The Chair welcomed those present to the first meeting of the newly-established Children and Young Peoples Social Care and Services Scrutiny Panel.
H Watson, Executive Director of Childrens Services, and A Brown, Director of Childrens Care, had been invited to provide the Panel with an overview of the main services, falling within the Panels remit, provided by Childrens Services, and to highlight any priorities and/or challenges for the year ahead.
A map of Childrens Services current staffing structure had been circulated to the Panel prior to the meeting. The Executive Director explained that there were three senior leadership teams that reported to her directly - Childrens Care; Education; and Prevention and Partnerships.
The Director of Childrens Care provided an overview of the services for which she was responsible and highlighted that this was the current structure, however, consultation on a revised service structure was ongoing. There were four Heads of Service under her directorship and each Head of Service was responsible for a variety of teams, as follows:-
Head of Quality, Standards and Initial Response (Principal Social Worker)
- Multi Agency Safeguarding Team - including partners from the Police and Health Services. This was the entry point or front door where concern referrals were made to the Council and also the entry point for Early Help.
- Independent Review Team - responsible for case management of social work for children to ensure that the needs of the children were being met, to form an independent view and to challenge.
- Workforce Development - recruitment and retention continued to be a significant challenge not only in Middlesbrough, but in the North East and nationally.
Head of Assessment and Care Planning
- Eight Assessment and Care Planning Teams responsible for front line Social Workers undertaking assessments and drawing up intervention and care plans.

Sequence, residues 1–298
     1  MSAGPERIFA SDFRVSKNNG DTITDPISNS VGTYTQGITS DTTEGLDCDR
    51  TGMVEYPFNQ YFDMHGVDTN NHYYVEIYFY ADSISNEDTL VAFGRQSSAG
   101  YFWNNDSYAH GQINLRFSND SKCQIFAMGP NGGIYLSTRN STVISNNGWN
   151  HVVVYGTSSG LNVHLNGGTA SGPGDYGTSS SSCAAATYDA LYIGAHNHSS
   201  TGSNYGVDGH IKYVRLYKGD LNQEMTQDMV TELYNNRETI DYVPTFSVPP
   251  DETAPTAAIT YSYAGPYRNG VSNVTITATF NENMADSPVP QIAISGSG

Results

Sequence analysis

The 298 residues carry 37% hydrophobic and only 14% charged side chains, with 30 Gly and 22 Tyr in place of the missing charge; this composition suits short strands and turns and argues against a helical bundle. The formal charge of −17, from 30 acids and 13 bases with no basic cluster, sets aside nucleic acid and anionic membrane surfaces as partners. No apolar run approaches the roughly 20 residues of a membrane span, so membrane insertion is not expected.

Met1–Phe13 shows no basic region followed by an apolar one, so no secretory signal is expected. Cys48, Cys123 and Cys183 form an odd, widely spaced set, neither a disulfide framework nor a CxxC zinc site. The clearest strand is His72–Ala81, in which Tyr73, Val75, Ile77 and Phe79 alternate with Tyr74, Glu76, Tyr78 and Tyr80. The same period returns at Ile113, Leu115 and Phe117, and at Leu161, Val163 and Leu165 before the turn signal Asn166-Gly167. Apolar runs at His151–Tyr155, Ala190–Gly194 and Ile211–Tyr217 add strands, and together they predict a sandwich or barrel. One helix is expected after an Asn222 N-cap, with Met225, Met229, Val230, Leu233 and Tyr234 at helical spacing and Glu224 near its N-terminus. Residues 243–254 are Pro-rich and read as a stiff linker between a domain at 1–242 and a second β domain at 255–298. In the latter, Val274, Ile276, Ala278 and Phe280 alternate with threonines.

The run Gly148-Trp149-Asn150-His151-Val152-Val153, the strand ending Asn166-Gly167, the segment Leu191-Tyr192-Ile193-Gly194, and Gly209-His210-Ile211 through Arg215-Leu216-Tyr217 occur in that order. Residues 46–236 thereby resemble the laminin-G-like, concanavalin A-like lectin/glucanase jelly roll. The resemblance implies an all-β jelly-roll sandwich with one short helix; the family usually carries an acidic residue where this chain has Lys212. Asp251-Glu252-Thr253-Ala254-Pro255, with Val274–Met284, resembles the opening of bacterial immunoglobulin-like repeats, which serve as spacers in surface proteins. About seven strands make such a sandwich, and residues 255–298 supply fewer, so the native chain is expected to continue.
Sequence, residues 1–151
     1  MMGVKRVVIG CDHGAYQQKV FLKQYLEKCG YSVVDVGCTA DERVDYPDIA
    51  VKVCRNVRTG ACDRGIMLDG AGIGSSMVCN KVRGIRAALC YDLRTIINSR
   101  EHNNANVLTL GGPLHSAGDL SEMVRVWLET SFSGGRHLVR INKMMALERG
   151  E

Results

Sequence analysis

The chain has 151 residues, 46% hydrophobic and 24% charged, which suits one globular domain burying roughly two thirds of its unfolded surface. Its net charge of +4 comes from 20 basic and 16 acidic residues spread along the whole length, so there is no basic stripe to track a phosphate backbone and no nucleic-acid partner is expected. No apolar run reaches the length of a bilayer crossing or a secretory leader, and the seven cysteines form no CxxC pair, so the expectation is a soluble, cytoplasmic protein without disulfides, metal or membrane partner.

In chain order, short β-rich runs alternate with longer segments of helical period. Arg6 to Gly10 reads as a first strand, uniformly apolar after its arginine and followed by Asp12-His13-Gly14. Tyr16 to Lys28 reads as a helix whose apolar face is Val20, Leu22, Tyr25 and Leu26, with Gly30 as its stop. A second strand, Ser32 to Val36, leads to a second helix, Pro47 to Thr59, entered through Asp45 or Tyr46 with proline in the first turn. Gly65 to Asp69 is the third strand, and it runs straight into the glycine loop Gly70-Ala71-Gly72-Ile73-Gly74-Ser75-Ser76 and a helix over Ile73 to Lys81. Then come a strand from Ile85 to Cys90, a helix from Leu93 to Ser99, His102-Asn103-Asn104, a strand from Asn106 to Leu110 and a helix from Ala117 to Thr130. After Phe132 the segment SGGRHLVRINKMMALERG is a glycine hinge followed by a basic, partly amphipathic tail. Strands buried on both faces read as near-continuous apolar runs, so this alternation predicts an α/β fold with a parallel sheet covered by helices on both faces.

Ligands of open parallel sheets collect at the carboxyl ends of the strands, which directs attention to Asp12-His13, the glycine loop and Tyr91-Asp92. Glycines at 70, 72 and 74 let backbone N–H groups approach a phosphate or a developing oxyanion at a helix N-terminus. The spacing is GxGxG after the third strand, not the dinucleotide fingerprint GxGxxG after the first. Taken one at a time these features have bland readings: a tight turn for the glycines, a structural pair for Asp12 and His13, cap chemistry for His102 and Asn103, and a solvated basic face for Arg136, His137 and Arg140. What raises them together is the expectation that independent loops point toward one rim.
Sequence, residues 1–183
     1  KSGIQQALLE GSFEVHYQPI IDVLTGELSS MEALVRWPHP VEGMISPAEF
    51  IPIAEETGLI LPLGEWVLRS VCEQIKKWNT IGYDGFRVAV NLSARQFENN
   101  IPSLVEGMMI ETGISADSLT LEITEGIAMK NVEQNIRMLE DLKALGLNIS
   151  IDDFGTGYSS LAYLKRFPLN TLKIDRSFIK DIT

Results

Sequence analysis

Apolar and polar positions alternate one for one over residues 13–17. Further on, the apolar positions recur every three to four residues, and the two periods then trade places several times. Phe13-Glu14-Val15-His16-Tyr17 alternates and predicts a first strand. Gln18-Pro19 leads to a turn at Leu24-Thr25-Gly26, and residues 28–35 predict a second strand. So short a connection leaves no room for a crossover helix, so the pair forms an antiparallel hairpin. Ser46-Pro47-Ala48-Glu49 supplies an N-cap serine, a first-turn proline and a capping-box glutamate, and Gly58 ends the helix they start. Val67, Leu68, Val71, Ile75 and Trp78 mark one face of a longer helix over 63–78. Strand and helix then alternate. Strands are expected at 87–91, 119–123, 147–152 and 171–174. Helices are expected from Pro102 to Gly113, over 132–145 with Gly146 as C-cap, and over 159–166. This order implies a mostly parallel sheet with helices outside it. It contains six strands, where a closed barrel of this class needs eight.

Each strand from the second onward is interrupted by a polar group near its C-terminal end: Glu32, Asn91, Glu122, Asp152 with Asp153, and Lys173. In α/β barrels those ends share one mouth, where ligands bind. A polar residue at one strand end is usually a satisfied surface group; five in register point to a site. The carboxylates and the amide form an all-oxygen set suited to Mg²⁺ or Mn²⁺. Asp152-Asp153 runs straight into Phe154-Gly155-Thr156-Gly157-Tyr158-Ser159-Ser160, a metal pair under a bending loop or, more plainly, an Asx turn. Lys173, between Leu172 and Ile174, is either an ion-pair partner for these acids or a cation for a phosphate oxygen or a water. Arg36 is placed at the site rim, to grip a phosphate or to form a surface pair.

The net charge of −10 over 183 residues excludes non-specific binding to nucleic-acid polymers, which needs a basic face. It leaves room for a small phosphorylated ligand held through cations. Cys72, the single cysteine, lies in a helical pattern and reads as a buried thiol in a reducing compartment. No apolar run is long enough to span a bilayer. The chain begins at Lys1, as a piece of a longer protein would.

Head of Placements and Looked After Children
- Children with Disabilities Team - specialist team.
- Pathways - Leaving Care Team - specialist team - the offer to children leaving care was very different to children in care.
- Children Looked After Team - a new Regional Adoption Agency, "Tees Valley Adoption", based in Stockton, had been established and was now responsible for the recruitment of adopters.
- Fostering Team - current responsibility for fostering recruitment.
Head of Childrens Homes and Resources
- Childrens Homes - there were currently three childrens homes in Middlesbrough and one specialist short break facility for children with disabilities.
- Resources - consisted of three teams: Supervised Contact Service; 0-18 Parenting Support; Home Support for Children with Disabilities.
The Executive Director highlighted that, whilst there may be some cross-over, the Director of Educations service area would fall largely within the remit of the Children and Young Peoples Learning Scrutiny Panel. There would be cross over between both the Childrens Scrutiny Panels in terms of the services provided by the Director of Prevention and Partnerships and these were outlined as follows:-
Head of Strategic Services
- Believe in Families Childrens Services Transformation